InterRent REIT's earnings rebound continues despite quarter-over-quarter dip in occupancy

Westboro InterRent property
West 236, a rental complex at 236 Richmond Rd., is one of InterRent REIT's 21 properties in the National Capital Region. File photo

InterRent REIT continued its 2022 rebound in the second quarter, posting gains in key financial metrics compared with a year earlier even as its same-property occupancy rate fell from the end of the first quarter.

In financial filings for the three-month period ending June 30, the Ottawa-based real estate investment trust said its funds from operations rose 6.3 per cent compared with the second quarter of 2021 to $18.9 million. InterRent’s net income rose 27 per cent year-over-year to $77.6 million.

As usual for a firm that has continued to snap up real estate during the pandemic, some of that growth was fuelled by acquisitions. 

The company closed the quarter with the $109.3-million purchase of a 254-unit apartment building on Montreal’s south shore on June 30 – boosting its total number of suites to 12,573, up 6.1 per cent from a year earlier.

InterRent’s balance sheet was also bolstered by rising rents, which jumped from an average of $1,334 per suite in June 2021 to $1,416 in the same properties this year.

Meanwhile, the firm’s same-property occupancy rate, which had been on a steady slide earlier in the pandemic, rose 3.4 percentage points year-over-year to 95.6 per cent.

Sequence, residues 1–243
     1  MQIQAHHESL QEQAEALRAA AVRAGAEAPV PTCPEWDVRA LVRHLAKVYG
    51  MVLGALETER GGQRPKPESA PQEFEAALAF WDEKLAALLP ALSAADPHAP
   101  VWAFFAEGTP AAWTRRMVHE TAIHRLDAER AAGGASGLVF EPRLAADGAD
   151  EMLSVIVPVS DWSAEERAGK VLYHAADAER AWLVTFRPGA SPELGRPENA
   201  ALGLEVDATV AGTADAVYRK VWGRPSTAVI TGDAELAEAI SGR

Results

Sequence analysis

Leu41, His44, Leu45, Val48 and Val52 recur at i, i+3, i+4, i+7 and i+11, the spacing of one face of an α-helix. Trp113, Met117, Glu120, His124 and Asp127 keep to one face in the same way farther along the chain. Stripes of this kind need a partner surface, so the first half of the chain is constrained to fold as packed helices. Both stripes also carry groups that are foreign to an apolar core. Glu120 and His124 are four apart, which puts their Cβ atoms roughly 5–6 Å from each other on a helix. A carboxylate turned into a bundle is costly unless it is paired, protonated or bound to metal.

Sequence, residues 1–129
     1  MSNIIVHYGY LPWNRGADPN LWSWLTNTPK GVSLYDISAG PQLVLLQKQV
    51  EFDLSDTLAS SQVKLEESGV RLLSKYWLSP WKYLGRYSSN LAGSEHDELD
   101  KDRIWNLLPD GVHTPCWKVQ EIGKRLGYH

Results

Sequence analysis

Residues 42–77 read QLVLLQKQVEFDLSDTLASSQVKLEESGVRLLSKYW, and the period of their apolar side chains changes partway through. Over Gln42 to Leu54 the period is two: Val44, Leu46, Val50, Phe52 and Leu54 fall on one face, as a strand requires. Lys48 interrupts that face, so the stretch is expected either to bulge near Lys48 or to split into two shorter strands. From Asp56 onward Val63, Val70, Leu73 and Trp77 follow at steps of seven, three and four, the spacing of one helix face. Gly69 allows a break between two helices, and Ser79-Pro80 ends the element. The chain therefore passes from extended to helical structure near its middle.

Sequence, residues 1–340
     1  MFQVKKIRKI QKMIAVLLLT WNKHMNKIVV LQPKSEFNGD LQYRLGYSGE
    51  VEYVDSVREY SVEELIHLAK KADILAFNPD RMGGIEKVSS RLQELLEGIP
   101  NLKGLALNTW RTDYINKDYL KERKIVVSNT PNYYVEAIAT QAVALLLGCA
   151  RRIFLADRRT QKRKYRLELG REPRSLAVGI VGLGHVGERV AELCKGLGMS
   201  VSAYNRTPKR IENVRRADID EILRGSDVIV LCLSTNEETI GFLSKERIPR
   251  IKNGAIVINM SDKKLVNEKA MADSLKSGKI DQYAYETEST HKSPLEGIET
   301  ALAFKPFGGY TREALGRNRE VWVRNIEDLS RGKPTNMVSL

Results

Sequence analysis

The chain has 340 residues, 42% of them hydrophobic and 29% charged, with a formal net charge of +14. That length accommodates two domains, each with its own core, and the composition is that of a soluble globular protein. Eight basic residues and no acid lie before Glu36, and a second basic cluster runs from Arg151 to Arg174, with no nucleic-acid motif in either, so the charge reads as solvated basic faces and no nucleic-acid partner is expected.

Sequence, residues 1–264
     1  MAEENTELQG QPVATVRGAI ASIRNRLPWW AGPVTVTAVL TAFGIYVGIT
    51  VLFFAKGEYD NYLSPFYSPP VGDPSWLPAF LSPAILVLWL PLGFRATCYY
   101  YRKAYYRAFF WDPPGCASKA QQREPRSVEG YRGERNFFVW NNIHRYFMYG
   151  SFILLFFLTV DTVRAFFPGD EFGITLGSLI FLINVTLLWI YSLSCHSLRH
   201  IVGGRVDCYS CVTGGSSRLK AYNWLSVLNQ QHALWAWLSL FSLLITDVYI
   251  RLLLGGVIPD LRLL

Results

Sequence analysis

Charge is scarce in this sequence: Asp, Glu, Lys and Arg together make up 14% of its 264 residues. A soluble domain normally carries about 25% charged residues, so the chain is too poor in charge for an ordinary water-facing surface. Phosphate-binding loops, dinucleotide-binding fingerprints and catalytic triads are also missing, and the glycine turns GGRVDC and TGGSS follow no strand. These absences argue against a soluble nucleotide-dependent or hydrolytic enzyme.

But that was down from 96.4 per cent at the end of March – a drop InterRent attributed mainly to a rise in vacancies in the National Capital Region.

“Encouragingly, this region is seeing strong demand post-quarter, which should support an improved figure in Q3,” the firm said in a news release on Tuesday.

President and CEO Brad Cutsey said InterRent is seeing continued momentum as the housing rental industry rebounds from the pandemic despite “ongoing macro headwinds” such as soaring inflation and rising interest rates that are eating into tenants’ budgets.

“We see encouraging demand trends going into Q3 and look forward to sharing our progress in the coming months,” he said in a statement.

InterRent’s unit price – which has fallen more than 25 per cent over the past 12 months – finished the day at $13.01, down 30 cents, or 2.25 per cent, on the Toronto Stock Exchange.